Solomon Carter Fuller: Where My Caravan Has Rested

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University Press of America, 2005 - Biography & Autobiography - 104 pages
Solomon Carter Fuller: Where My Caravan Has Rested is the documentation of the life and accomplishments of an African American who would not allow racism to quench resolve and commitment to a productive life in medicine and scientific research. Dr. Fuller was born in Africa in 1872, the grandson of American slaves. He was America's first black psychiatrist and one of the first black physicians to hold faculty rank at an American medical school. He was a widely published neuropathologist and a pioneer in Alzheimer's disease research. To provide the reader with some insight into the life experiences that influenced and motivated Dr. Fuller, the book traces his family history from the days of slavery to the 1950s, crossing the North American, African, and European continents. Information obtained from his personal notes and interviews with his family provide a glimpse of the racial oppression that Fuller sought to overcome in both his personal and professional lives. This classic "Horatio Alger" strive and succeed story has important implications for our understanding of American, African, and European culture. Fuller's biography is an important addition to black history and to the history of medicine, not only for its account of a man whose achievements were many, but also for its portrait of what it was like to be black in the days of slavery, during the colonization of Liberia, and as a husband, father, and physician in early 20th century white America.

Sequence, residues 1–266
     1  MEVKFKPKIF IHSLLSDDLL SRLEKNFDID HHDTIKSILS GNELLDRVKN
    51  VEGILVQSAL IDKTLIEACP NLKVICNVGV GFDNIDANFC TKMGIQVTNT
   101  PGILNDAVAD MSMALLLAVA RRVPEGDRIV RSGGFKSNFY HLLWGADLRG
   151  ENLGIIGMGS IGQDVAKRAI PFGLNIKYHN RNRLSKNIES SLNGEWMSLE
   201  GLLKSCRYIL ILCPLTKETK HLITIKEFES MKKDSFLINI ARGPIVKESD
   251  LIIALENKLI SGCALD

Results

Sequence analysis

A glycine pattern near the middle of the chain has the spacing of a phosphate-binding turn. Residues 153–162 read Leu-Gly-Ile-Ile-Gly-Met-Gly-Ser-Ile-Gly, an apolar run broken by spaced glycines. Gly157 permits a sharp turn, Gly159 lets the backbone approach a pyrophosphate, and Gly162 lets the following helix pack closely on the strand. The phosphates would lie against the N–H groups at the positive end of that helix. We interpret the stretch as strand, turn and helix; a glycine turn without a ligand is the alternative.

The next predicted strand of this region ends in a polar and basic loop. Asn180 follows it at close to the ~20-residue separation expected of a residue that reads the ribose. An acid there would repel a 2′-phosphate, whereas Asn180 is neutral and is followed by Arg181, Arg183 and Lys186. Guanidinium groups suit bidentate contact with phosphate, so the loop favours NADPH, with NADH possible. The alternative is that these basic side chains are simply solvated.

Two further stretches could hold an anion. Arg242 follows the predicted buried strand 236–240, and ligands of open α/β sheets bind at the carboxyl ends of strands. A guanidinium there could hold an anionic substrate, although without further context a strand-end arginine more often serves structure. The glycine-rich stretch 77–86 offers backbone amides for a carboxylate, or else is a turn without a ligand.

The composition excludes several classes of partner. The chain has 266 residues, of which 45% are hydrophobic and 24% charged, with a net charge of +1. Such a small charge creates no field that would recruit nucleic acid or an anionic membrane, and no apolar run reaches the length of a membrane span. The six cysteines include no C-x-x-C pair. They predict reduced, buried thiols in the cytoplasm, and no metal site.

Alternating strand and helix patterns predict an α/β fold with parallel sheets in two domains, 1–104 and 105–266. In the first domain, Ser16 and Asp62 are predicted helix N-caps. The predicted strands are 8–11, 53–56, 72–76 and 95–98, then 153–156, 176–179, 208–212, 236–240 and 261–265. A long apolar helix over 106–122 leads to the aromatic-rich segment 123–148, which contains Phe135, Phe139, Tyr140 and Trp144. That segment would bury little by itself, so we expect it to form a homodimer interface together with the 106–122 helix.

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About the author (2005)

Mary Kaplan is Instructor and Director of Student Internship Programs, School of Aging Studies at the University of South Florida. Kaplan holds a M.S.W. from Catholic University.

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